The guttural pouches of horses may not be very well known to most horse owners. These bilaterally paired pouches are located below the base of the skull, below the ears and extend into the throat latch region. The pouches purpose is not fully understood, but some theories is that they reduce the weight of the skull or have a blood cooling function to reduce the temperature of the arterial blood going to the brain. The guttural pouches can be plagued with a multitude of issues that are difficult to treat or can be life threatening to the horse. Other species contain guttural pouches such as some bats, American Forest mouse and Hyraxe.
The anatomy of the guttural pouches is complex and houses various important anatomic structures. The guttural pouches are an auditory tube diverticulum that is analogous to human Eustachian tubes but much larger. The volume of the guttural pouches can be up to 400-600 milliliters of air. The guttural pouches contain large arteries, nerves, the bones of the inner ear, muscle tissue and part of the hyoid apparatus that connects the skull to the larynx. The opening of the guttural pouches is deep in the nasopharynx through the slights call the pharyngeal ostium, which can only be accessed with an endoscope passed up the nose. The difficulty of accessing this area makes treatment of these diseases challenging at best. The guttural pouch is the only location in the horse that allows direct visualization of the arteries and nerves. The main arteries that are present in the guttural pouch are the maxillary artery and the internal and external carotid arteries that provide all the blood to the skull. The nerves in the guttural pouch are cranial nerves that exit directly from the brain or brain stem that innervate critical structures that control breathing, swallowing, chewing and ocular functions of the skull.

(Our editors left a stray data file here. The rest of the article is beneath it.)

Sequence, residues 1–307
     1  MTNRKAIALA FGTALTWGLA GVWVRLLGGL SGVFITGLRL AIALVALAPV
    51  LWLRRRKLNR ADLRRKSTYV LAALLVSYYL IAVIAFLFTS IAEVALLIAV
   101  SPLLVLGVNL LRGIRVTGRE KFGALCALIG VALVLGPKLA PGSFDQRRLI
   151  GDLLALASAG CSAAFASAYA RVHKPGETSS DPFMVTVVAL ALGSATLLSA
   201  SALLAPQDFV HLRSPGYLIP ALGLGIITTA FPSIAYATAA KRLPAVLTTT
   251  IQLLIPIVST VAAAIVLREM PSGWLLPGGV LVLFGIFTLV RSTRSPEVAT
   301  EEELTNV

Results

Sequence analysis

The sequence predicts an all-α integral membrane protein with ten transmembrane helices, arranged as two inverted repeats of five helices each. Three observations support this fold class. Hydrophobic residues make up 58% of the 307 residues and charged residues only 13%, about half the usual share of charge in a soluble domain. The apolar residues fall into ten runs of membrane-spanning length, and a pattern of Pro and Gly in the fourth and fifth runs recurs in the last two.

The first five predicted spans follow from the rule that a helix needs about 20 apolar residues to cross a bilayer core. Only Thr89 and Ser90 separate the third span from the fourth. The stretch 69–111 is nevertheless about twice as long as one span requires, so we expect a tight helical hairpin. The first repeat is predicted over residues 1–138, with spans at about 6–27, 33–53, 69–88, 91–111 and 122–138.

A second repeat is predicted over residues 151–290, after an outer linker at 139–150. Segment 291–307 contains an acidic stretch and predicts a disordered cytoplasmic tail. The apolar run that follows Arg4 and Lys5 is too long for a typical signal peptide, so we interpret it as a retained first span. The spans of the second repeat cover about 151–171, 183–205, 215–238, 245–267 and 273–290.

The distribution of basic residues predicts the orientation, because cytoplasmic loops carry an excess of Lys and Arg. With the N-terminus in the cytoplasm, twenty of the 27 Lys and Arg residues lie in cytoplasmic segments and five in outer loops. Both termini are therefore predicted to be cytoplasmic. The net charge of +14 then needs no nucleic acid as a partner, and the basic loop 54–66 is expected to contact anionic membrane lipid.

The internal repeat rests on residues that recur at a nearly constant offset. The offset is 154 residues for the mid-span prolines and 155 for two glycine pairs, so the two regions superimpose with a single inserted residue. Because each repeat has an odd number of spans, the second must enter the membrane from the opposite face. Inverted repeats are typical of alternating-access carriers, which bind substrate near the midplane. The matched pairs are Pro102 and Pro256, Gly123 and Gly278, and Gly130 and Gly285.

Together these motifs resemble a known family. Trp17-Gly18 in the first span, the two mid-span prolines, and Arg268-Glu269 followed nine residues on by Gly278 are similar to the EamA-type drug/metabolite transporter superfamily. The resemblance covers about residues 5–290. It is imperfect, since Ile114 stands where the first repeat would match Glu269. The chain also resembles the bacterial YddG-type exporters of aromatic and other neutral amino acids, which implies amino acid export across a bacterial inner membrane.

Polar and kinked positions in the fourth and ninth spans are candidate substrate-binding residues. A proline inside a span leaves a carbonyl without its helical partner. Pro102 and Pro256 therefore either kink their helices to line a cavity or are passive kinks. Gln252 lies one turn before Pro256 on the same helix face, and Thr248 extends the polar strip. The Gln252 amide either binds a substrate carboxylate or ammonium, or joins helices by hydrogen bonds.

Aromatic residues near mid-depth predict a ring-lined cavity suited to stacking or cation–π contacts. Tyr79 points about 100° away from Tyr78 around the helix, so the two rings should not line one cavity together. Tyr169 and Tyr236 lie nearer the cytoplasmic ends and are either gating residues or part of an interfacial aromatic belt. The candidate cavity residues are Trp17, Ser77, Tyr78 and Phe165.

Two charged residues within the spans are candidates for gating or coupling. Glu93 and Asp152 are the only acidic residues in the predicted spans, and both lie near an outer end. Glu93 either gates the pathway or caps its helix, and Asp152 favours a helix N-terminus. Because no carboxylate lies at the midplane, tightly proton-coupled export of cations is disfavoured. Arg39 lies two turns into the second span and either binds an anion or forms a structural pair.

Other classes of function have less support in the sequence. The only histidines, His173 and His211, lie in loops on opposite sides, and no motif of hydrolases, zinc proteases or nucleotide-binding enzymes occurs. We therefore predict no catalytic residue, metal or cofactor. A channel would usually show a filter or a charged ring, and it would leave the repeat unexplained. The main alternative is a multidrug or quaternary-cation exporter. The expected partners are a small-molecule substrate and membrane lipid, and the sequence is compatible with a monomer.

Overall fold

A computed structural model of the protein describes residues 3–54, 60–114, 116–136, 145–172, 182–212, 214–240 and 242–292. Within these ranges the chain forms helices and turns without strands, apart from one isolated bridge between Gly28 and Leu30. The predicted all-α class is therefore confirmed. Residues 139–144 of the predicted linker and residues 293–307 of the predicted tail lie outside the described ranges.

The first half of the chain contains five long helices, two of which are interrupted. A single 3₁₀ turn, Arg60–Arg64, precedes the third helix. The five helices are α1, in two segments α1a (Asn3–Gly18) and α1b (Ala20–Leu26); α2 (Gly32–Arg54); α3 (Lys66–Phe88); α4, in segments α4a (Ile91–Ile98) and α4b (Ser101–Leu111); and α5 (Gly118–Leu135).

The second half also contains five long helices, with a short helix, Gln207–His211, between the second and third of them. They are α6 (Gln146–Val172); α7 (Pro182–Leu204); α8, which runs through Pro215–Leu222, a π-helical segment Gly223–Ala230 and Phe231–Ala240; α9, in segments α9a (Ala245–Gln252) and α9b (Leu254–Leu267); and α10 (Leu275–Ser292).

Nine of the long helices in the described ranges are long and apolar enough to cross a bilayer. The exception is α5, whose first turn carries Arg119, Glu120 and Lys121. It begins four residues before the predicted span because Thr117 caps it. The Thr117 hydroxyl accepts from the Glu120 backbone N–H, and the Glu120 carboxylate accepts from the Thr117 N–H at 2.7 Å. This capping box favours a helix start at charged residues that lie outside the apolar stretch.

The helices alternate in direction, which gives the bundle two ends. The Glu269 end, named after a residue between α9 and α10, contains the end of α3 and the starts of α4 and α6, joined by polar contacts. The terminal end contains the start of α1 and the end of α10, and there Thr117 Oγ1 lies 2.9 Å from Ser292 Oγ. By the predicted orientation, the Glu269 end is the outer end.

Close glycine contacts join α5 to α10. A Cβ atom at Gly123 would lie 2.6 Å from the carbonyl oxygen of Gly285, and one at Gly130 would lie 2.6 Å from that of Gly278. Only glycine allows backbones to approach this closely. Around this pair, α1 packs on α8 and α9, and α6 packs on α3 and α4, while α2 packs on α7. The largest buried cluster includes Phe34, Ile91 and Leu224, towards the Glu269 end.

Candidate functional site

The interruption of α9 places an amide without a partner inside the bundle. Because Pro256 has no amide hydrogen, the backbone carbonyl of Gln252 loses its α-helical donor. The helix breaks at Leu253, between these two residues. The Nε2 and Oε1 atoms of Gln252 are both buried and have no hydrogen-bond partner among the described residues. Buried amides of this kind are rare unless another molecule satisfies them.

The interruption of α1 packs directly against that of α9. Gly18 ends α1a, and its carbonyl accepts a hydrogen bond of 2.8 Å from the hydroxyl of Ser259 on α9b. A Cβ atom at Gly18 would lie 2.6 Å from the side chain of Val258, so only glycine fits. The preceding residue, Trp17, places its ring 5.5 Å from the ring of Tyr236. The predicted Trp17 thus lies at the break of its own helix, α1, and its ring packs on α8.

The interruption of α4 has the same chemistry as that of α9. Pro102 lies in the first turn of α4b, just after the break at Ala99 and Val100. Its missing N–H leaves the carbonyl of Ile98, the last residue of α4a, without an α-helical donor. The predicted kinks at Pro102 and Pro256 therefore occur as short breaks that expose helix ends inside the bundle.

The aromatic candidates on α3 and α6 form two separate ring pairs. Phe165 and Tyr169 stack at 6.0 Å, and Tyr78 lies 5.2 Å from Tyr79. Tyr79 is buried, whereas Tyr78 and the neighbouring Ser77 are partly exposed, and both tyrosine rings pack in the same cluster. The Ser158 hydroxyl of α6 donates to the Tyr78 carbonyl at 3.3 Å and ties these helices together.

Read more in the April issue of Oklahoma Farm & Ranch.